Without the view catcher, I was trying to include far too much of the view than was possible. Using the view finder and slightly adjusting the distance I viewed it from, and taking a few steps to each side, I found it really helpful in pinning down exactly what I wanted to paint. It also helped me mentally compose the picture before even putting pencil to paper.

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All set up, with outline sketch prepared and ready to paint
The image above shows my viewpoint and how my new ‘shelf’ was holding up! After doing a very loose sketch of the main components, I started to lay in some initial washes, beginning with the sky and it’s reflection in the stream:

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First wash in place and already beginning to feel I was losing this one…
Followed by a first wash to indicated the distant hills and then moving into the foreground fields:

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Second wash down and now feeling that this was going completely off the rails
Now by this stage, I’d already decided that this was heading towards being a disaster and that I’d just use it as a quick loosening up exercise, after which I’d do another, proper version.

By now however, I was also totally consumed by what I was doing and didn’t really manage to take any more ‘in progress’ photos. I felt I was fighting tooth and claw to save this painting, putting one wash over another in ever more desperate attempts to portray what my eyes could see. I was unexpectedly struck by just how much I talk to myself too. I was providing myself with a constant commentary, encouraging at times, chiding at others, blaspheming all too frequently. I felt completely powerless to stop myself gabbling away and decided that for this reason alone, I’d probably never be able to paint in a more populated setting. This continued right up until I decided to call a halt to the whole debacle.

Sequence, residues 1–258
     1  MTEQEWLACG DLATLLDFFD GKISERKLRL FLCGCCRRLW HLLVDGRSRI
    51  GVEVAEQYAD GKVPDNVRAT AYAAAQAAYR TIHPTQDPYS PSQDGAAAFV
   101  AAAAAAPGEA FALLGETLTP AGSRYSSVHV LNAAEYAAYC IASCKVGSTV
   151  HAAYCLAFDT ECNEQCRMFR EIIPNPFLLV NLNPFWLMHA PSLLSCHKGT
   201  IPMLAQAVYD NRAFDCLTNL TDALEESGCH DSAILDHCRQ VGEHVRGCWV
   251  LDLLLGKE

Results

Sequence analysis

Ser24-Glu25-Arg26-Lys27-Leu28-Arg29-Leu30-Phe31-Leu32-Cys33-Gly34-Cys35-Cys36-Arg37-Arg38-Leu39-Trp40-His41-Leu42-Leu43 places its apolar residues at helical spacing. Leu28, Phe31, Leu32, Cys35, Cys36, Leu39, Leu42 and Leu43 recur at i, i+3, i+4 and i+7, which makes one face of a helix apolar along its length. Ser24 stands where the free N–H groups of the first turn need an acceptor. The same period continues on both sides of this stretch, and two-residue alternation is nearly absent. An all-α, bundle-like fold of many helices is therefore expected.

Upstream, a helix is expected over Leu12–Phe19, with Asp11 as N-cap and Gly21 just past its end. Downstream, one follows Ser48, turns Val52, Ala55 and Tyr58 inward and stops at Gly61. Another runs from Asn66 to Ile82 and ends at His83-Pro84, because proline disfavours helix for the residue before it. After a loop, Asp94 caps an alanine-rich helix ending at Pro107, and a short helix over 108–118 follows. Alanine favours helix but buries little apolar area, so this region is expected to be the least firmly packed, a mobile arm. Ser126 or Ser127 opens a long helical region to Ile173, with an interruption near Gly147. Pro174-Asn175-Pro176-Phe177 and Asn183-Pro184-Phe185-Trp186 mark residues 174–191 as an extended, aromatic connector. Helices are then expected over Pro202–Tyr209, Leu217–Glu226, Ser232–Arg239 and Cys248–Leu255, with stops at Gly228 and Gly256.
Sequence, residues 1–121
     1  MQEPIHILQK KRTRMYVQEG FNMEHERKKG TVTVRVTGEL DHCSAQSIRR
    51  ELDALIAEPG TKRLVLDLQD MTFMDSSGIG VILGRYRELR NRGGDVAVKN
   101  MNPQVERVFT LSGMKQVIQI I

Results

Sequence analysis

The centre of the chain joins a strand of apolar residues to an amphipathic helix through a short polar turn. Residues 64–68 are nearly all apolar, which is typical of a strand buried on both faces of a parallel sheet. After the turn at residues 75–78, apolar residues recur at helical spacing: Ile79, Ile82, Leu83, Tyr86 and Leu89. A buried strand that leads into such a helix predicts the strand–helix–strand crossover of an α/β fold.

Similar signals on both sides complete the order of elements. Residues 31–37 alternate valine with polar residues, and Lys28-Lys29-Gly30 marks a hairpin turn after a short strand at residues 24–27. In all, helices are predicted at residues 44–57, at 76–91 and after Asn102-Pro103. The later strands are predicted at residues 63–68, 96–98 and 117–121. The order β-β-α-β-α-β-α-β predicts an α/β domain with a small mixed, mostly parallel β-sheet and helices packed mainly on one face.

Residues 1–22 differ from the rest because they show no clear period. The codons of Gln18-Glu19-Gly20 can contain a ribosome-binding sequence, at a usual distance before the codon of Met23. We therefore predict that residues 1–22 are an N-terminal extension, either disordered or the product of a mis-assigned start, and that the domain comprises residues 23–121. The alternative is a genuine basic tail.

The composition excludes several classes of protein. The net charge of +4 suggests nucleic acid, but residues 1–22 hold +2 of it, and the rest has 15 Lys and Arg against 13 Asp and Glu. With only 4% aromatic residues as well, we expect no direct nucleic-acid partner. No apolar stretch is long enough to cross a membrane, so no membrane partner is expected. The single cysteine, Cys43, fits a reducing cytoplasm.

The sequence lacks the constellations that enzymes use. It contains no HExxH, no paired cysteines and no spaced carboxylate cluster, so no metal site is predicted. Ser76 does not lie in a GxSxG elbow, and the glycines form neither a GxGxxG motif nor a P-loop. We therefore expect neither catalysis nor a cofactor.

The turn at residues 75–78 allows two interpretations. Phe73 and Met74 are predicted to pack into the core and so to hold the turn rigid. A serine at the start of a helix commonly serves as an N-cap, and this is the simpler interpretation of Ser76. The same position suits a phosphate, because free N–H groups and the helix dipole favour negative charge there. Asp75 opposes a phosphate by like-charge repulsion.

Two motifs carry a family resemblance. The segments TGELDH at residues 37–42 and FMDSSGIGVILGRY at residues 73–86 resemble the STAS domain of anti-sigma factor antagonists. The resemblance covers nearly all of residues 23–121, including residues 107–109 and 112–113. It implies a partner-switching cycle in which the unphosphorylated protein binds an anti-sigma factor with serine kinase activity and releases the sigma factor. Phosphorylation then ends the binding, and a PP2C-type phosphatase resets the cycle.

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I much prefer looking at this from a safe distance rather than this close up!

Now the funny thing is, I distinctly remember saying in a recent post that one of the bits of advice that I cherish most is not to compare any of my efforts with their source – whether that’s directly from nature or from someone else’s painting. Well. I’d like to make my first exception to this rule of thumb!  My favourite image from this painting expedition is where I can see the painting in-situ and in the context of the landscape and prevailing light conditions. On it’s own and close up, I think this painting looks a little dirty and heavy handed (most likely because it undoubtedly is both of these things!). Shown from a distance against however, and in the landscape that inspired it – I’m a little more please with the results and excited about doing many more paintings on location.

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I think that this image also clearly demonstrates the benefit of using the view catcher too. I wasn’t intending to create such a precise window onto this view so I was really amused when I saw how closely the distant hills, stream and river banks etc matched up.